They’ll then look at how different managers invest and what they invest in. Although it’s not a sign of future performance, they’ll also look at a manager’s track record. Underperformance may not actually be a reason to avoid a manager, if the overlying fund manager thinks that the underlying manager is able to explain why that underperformance has occurred – and in what circumstances outperformance will occur.

As noted, this is to a large extent a similar process to the one that the trust managers would go through if they were investing directly in assets themselves. The difference is that multi-manager trusts have to spend much more time gauging how competent the managers are that they’re allocating funds to, as opposed to just analysing individual assets.

Manager of managers trusts vs fund-of-funds trusts

As alluded to above, multi-manager is a catch-all phrase that can refer to either a ‘fund of funds’ or a ‘manager of managers’ trust.

The key difference is that fund of funds invest in the shares or units of other funds.

A manager of managers trust will get a mix of managers to pick assets to invest in but they hold those assets themselves.

Fund-of-funds and manager-of-managers trusts both have their advantages but the latter arguably possess some traits which are likely to make them the preferred option for retail investors.

One is that fund-of-funds invest in existing funds which may be available to investors anyway. In contrast, multi-manager trusts are often made up of bespoke portfolios created by leading fund managers. So the picks that a manager makes in a multi-manager trust are unlikely to be available anywhere else.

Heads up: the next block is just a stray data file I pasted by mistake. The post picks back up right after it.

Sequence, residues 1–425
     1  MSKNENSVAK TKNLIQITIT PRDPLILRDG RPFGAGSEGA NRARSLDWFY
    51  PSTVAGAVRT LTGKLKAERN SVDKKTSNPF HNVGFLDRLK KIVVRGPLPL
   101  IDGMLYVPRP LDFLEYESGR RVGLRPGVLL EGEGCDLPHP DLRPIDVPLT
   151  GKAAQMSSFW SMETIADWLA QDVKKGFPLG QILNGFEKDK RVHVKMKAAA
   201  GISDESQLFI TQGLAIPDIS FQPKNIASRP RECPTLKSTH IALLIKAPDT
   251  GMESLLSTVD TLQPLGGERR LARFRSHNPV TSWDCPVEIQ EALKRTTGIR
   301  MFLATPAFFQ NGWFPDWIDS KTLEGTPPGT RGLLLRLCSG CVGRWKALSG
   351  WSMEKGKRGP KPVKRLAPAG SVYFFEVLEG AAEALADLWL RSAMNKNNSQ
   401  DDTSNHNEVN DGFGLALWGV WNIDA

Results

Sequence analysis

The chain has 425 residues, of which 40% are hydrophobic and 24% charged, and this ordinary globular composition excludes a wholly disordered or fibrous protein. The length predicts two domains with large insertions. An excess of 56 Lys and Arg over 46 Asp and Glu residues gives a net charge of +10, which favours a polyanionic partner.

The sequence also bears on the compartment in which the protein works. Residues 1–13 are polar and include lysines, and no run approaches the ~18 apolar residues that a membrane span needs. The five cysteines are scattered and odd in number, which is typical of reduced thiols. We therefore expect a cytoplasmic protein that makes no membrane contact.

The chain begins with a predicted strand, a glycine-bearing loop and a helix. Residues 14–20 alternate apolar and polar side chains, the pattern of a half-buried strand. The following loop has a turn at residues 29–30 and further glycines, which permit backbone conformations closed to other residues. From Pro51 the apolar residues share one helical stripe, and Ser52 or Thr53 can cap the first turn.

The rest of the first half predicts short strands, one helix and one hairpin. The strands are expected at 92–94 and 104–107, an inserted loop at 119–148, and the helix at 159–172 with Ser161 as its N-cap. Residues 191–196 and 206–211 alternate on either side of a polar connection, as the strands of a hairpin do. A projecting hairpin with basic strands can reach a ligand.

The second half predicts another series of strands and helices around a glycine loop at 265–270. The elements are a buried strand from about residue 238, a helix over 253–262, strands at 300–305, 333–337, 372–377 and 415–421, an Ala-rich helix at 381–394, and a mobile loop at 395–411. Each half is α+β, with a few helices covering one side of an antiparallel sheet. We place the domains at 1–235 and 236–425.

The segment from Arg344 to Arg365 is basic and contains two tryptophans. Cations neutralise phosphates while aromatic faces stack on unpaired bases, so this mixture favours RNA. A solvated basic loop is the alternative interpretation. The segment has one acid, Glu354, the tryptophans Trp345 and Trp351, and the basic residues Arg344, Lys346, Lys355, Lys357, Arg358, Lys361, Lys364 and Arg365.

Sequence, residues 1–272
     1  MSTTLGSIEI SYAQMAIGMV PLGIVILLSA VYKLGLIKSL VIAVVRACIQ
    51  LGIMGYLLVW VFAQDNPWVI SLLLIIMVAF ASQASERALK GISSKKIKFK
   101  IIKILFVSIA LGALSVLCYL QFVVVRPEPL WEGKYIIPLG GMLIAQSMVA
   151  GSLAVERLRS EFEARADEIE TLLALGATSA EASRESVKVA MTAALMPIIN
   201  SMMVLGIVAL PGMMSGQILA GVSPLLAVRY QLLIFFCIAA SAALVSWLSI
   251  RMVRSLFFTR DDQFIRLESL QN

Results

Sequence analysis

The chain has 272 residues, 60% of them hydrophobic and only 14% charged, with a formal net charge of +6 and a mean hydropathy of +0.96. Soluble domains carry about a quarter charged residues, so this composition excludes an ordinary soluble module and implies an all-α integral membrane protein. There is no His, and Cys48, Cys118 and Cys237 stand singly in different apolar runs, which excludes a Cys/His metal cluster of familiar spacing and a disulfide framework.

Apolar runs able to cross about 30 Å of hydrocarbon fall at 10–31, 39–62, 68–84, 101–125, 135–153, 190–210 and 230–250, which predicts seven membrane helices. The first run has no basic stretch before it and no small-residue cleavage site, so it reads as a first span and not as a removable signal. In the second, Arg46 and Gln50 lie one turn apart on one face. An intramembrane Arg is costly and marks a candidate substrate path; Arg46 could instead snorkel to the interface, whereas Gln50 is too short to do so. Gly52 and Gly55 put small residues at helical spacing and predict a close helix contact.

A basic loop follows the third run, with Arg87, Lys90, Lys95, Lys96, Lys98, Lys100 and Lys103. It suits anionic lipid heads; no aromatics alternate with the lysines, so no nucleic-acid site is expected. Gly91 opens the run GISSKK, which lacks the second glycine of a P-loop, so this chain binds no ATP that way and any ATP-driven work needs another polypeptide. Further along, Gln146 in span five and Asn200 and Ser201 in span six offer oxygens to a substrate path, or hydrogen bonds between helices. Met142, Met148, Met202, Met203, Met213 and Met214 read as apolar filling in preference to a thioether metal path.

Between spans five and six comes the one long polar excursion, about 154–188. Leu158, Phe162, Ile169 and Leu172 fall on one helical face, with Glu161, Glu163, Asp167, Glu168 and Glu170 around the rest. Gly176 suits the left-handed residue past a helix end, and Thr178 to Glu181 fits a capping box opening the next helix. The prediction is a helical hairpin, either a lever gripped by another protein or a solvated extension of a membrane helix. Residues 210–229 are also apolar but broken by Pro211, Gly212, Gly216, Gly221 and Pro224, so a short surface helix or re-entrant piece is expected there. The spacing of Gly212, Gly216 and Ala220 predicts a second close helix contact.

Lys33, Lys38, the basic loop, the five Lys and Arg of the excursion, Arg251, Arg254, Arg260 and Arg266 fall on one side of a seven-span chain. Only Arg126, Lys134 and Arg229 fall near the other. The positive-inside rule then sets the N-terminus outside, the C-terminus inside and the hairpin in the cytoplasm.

On top of that, the fact that a multi-manager trust holds all of the assets itself means that there is likely to be only one layer of fees and more transparency in what it has invested in. In contrast, the fund-of-fund model can make it much harder to understand what you’re actually invested in and lead to layers of fees that you don’t realise you’re paying.

Why invest in a multi-manager investment trust?

The main appeal of multi-manager trusts is that they’re a simple way of getting a diversified portfolio. Rather than picking lots of managers, stocks or investment trusts yourself, you can invest in one and get exposure to a diversified portfolio in the process.

On top of this, you get access to specialist analysts who have been tasked with finding the best managers to meet a certain goal. Just as analysing equities, fixed-income, or real estate requires some level of expertise, so too does analysing funds and picking good managers.

Multi-manager trusts typically sift through hundreds of different managers in order to find those most suitable for the goal their trust has. That means you can access the best managers to help meet whatever goals you have.

Another key attraction of multi-manager investment trusts is that you may be able to get exposure to fund managers that would otherwise be off-limits to you. Fund managers that don’t have a retail offering or which are inaccessible to UK investors, for example, may be accessible via a multi-manager trust.

In some instances, you may also be able to access more niche asset classes that are otherwise hard to get exposure to. Private equity funds, for example, feature in some multi-manager trusts, even though they’re often very difficult for individuals to invest in if they want to go it alone.

Case Study: Alliance Trust

Company: Willis Towers Watson

Launched: 1888

Managers: Craig Baker, Stuart Gray and Mark Davis

Ongoing charges: 0.60%

Dividend yield: 2.55%

Benchmark: MSCI ACWI (sterling adjusted, total return)